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Some South Dakota farmers are unhappy with industrial ag getting conservation funds; Texas judge allows abortion in Cox case; Native tribes express concern over Nevada's clean energy projects.

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The Colorado Supreme Court weighs barring Trump from office, Georgia Republicans may be defying a federal judge with a Congressional map splitting a Black majority district and fake electors in Wisconsin finally agree Biden won there in 2020.

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Texas welcomes more visitors near Big Bend but locals worry the water won't last, those dependent on Colorado's Dolores River fear the same but have found common ground solutions, and a new film highlights historical healthcare challenges in rural Appalachia.

WI Law Would Criminalize Abortions if SCOTUS Overturns Roe v. Wade

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Wednesday, May 4, 2022   

Wisconsin has a 173-year-old abortion ban that hasn't been enforced in decades. But if the U.S. Supreme Court strikes down the decision in Roe v. Wade, that law will trigger, criminalizing abortions in the state.

In a leaked draft opinion obtained by Politico, five of the court's conservative justices described Roe's reasoning as "exceptionally weak," and said "the decision has had damaging consequences."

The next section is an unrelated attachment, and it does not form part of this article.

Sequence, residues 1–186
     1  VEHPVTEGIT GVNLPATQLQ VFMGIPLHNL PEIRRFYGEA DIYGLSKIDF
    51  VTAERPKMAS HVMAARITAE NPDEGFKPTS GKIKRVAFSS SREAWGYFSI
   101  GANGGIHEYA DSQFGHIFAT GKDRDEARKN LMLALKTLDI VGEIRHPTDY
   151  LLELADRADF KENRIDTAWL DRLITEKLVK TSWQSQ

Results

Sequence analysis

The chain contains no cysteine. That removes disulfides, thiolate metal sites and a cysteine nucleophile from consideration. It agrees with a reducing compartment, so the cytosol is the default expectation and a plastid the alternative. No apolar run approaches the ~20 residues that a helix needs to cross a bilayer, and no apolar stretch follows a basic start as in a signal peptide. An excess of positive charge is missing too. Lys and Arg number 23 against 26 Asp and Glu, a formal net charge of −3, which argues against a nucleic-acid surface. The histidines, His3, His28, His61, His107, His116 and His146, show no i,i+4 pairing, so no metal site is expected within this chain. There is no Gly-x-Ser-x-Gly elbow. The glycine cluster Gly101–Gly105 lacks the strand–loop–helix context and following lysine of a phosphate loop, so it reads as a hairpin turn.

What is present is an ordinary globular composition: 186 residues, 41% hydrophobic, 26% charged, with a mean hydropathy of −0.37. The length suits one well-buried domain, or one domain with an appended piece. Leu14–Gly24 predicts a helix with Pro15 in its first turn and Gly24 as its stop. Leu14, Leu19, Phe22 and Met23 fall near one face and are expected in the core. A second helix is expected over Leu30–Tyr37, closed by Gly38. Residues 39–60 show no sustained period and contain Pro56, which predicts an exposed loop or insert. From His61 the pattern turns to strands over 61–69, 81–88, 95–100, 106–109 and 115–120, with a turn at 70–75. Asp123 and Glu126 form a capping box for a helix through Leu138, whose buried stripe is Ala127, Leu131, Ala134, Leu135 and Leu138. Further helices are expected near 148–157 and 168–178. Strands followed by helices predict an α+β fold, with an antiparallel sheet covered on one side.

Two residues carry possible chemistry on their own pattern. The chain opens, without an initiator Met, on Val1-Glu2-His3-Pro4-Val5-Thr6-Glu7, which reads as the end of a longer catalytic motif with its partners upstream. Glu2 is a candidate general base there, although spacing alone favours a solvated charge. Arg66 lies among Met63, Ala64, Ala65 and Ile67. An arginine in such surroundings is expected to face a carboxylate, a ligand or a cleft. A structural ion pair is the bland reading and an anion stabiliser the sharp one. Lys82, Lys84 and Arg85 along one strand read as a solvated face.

State Sen. Kelda Roys, D-Madison, is the former executive director of NARAL Pro-Choice Wisconsin, a reproductive rights advocacy group. She said folks should plan for the court to follow through with the draft opinion.

"And if you don't need an abortion yet, you should go to aidaccess.org and order an advanced prescription of abortion medication, so that it's in your medicine cabinet even when abortion is illegal, and available for you or someone you love if they need it."

The decision isn't final and the justices could change their positions before a formal ruling is published, so abortion still is legal for the time being. Under Wisconsin's dormant law, doctors who provide abortions could spend up to six years in prison and face a $10,000 fine. It makes a narrow exception in cases where abortions are provided to save the life of the mother.

Roys previously sponsored legislation to secure access to abortion in state law and repeal the pre-Civil War ban. However, the bill was blocked from a public committee hearing, stagnated for more than a year and died in March. Roys said Democrats have tried for years to enact similar bills, which have been blocked in the GOP-controlled Legislature.

"The Republicans have secured their majority through gerrymandering," she said. "They don't have to be accountable to people, they don't have to do what the people want - and so, they've been able to ignore our efforts to try to repeal the criminal abortion ban."

In a January national poll by the Marquette University Law School, nearly three-quarters of respondents indicated they were against overturning Roe v. Wade. While Democrats expressed stronger opposition to striking down the precedent, nearly half of the Republican respondents also opposed overturning Roe.


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